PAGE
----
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items tagged with Benedict Cumberbatch

Period Piece: "Carrie," "The Fifth Estate," and "Escape Plan"
Written By: Mike Schulz
Section: Movies

Category: Reviews

2013-10-20 22:31:31

Chloe Grace Moretz in CarrieCARRIE

(Author’s note: Spoilers will abound. Given that the movie under consideration is an oftentimes word-for-word updating of a 37-year-old work, I hope I’ll be forgiven for them.)

As remakes of beloved genre classics go, I suppose there’s little point in being bothered by the new Carrie. Director Kimberly Peirce’s outing, after all, is easy to sit through, smartly staged, generally well-acted, and, in most regards, incredibly faithful to Brian De Palma’s 1976 original (which was, itself, reasonably faithful to Stephen King’s debut novel of 1974). The CGI effects are pretty weak, and the movie isn’t even slightly scary, and considering that nearly all sentient beings know what happens to poor Carrie White at the prom – with the movie’s entire advertising campaign based on post-prom imagery – there’s almost nothing in the way of storyline surprise, but whatever. It’s fine.


Read More About Period Piece: "Carrie," "The Fifth Estate," And "Escape Plan"...


Lively, Long, and Prosperous: "Star Trek Into Darkness"
Written By: Mike Schulz
Section: Movies

Category: Reviews

2013-05-18 18:09:57

Zachary Quinto and Chris Pine in Star Trek Into DarknessSTAR TREK INTO DARKNESS

Star Trek Into Darkness opens on a note of frenzied, almost satiric busyness. For reasons initially left unexplained, and in a set piece suggesting a futuristic Raiders of the Lost Ark, Captain Kirk and “Bones” McCoy are first seen racing through a jungle of crimson foliage on a foreign planet, attempting to escape the clutches of dozens of yowling savages with black eyeballs and papier-mâché skin. The chase eventually leads the pair to the edge of a cliff where they leap into the water below, just as Mr. Spock – much to the concern of his unusually panicked fellow crew members – beams into the belly of an active, ready-to-burst volcano. Director J.J. Abrams’ franchise extender isn’t even five minutes old, and between the shouting, the manically staged mayhem, the whiplash editing, and composer Michael Giacchino’s pummeling score, it already feels like a typically overstuffed blockbuster sequel, yet one without any of the wit that Abrams brought to 2009’s terrifically witty Star Trek reboot. But then something wonderful happens.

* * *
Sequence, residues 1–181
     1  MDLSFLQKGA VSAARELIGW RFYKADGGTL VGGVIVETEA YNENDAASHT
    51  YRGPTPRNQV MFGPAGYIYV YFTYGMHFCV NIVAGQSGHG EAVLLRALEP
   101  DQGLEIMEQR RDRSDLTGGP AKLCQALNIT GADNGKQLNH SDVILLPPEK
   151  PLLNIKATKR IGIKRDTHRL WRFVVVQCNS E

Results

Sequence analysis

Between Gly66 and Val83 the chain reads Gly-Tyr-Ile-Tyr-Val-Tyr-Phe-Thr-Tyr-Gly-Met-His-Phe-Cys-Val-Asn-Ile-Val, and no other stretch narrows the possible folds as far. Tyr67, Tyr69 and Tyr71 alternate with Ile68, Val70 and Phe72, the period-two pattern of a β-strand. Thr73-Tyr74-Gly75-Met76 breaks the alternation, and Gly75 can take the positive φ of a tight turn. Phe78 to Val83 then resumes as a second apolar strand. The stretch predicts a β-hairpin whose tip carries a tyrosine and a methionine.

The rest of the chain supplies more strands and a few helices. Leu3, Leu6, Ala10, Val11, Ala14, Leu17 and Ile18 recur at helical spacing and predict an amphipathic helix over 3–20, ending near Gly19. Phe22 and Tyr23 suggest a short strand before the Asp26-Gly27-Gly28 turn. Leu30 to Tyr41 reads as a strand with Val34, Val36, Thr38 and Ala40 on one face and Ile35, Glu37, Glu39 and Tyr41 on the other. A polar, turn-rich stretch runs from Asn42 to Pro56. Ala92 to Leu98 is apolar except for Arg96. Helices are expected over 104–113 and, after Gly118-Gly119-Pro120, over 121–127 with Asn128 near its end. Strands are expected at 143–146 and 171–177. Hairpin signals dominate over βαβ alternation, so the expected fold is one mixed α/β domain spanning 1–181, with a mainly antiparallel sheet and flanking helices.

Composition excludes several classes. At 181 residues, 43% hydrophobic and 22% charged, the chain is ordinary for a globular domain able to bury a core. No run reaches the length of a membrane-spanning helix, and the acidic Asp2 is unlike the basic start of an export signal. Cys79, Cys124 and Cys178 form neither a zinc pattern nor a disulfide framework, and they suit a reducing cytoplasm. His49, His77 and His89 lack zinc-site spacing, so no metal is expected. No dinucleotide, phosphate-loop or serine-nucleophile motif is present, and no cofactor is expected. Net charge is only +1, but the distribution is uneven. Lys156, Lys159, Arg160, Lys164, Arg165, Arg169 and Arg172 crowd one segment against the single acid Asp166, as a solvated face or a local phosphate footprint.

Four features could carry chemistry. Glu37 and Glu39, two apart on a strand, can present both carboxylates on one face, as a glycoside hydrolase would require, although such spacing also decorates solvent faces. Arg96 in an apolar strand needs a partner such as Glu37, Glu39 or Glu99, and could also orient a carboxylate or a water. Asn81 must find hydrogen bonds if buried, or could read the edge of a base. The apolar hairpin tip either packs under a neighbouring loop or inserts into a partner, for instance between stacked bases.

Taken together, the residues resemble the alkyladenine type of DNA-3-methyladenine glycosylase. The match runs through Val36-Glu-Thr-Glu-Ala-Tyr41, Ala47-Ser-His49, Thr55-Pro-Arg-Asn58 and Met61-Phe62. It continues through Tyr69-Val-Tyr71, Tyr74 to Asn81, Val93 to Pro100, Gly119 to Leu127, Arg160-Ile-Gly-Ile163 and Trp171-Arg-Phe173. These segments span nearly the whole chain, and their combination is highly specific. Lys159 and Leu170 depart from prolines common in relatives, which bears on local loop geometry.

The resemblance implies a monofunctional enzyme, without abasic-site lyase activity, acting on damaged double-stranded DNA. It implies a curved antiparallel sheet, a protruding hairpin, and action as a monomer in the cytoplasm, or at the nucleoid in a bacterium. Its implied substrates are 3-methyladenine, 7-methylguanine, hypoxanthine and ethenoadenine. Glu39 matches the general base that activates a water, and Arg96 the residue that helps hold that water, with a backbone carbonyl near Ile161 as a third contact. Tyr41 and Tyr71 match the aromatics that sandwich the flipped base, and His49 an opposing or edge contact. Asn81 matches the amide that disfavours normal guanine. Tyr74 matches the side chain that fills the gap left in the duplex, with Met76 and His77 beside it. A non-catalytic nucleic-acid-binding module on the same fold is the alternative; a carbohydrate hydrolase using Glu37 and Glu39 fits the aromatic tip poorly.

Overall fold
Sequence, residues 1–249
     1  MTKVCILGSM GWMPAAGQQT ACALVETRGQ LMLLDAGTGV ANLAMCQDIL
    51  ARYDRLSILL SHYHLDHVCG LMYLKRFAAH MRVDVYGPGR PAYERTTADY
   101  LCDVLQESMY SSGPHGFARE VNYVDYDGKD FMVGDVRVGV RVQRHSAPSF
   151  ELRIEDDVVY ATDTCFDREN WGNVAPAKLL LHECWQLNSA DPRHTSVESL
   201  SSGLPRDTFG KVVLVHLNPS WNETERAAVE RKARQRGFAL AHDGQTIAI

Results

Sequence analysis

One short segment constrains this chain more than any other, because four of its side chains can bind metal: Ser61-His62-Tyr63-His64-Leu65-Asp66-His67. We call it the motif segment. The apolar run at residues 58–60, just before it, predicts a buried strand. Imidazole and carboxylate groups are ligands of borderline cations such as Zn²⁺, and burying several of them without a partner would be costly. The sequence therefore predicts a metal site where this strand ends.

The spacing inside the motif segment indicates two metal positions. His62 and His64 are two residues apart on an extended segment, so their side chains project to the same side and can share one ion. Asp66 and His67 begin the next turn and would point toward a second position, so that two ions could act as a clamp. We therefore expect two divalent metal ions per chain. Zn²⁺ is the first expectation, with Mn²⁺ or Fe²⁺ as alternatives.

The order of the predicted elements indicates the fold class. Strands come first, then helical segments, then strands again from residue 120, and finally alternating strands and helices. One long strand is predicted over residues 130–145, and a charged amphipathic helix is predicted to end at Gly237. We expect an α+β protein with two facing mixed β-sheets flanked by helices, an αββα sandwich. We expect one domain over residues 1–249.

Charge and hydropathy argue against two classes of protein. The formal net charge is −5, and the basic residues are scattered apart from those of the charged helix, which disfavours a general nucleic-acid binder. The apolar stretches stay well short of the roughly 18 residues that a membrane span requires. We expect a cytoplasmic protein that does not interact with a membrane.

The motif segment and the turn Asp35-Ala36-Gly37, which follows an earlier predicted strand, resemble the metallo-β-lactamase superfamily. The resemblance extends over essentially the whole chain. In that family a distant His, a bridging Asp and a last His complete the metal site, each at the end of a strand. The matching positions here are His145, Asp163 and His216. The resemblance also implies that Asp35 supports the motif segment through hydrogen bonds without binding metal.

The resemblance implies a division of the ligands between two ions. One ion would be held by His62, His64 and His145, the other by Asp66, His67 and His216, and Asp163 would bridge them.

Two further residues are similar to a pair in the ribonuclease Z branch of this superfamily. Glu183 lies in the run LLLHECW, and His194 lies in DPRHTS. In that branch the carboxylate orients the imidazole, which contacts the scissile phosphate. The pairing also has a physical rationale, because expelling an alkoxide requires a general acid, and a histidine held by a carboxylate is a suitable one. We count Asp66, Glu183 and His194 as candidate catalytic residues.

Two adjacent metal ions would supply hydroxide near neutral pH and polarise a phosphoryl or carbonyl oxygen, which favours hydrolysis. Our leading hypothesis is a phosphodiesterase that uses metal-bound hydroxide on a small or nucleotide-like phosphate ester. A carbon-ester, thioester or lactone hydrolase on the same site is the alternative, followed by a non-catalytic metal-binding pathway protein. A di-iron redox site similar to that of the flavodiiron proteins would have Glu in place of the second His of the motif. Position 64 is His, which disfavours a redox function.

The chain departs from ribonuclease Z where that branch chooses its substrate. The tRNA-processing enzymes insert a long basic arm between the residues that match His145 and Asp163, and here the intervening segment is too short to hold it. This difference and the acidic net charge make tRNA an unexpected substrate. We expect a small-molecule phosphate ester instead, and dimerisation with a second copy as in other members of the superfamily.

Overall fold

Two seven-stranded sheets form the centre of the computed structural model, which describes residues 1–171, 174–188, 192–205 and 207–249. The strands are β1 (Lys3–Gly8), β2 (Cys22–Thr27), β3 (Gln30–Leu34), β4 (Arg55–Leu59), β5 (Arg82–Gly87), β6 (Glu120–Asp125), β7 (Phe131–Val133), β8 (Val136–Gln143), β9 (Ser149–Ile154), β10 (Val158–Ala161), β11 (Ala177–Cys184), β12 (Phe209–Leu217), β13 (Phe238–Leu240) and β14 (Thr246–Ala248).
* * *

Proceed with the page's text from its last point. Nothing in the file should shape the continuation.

Read More About Lively, Long, And Prosperous: "Star Trek Into Darkness"...


Smarter Denser Colder Meh: "Tinker Tailor Soldier Spy" and "The Devil Inside"
Written By: Mike Schulz
Section: Movies

Category: Reviews

2012-01-09 15:36:16

Benedict Cumberbatch and Gary Oldman in Tinker Tailor Soldier SpyTINKER TAILOR SOLDIER SPY

You know that handy, lame, relationship-ending sentiment “It’s not you; it’s me”? That’s what I feel like saying to Tinker Tailor Soldier Spy, the new adaptation of the famed John le Carré novel. I readily concede that director Tomas Alfredson’s spy thriller is beautifully made, boasting engaged, cagey performances and a number of superbly shot set pieces. But for all of the film’s merits, I found myself hugely relieved when its end credits rolled, because Alfredson’s intensely complicated endeavor appeared so much smarter than I am that I took almost no pleasure from the experience. My issue isn’t that the movie is a dog. It’s that, for most of Tinker Tailor’s 125 minutes, I felt like a dog watching a movie.


Read More About Smarter Denser Colder Meh: "Tinker Tailor Soldier Spy" And "The Devil Inside"...


Graphic? Yes. Novel? No.: "300," "Amazing Grace," and "Black Snake Moan"
Written By: Mike Schulz
Section: Movies

Category: Reviews

2007-03-14 08:23:29

Gerard Butler in 300300

Whatever its problems, and they are myriad, you can't say that Zack Snyder's 300 doesn't give you plenty to look at. Adapted from Frank Miller's and Lynn Varley's graphic novel, the film - which follow s the ancient Spartan army in a wildly violent, self-sacrificing battle against Persian forces - is filled with memorably outré images: an enormous tree and a 20-foot-high wall, both composed entirely of corpses; a triad of elephants, backed over a cliff, that plunge to their deaths; the sky blackening with what appear to be locusts, instead proving to be the incoming trajectory of thousands of steel-tipped arrows. In 300, Snyder shows a remarkable gift for graphic-novel composition, and continually keeps your eye engaged. Too bad the same can't be said of your brain.


Read More About Graphic? Yes. Novel? No.: "300," "Amazing Grace," And "Black Snake Moan"...





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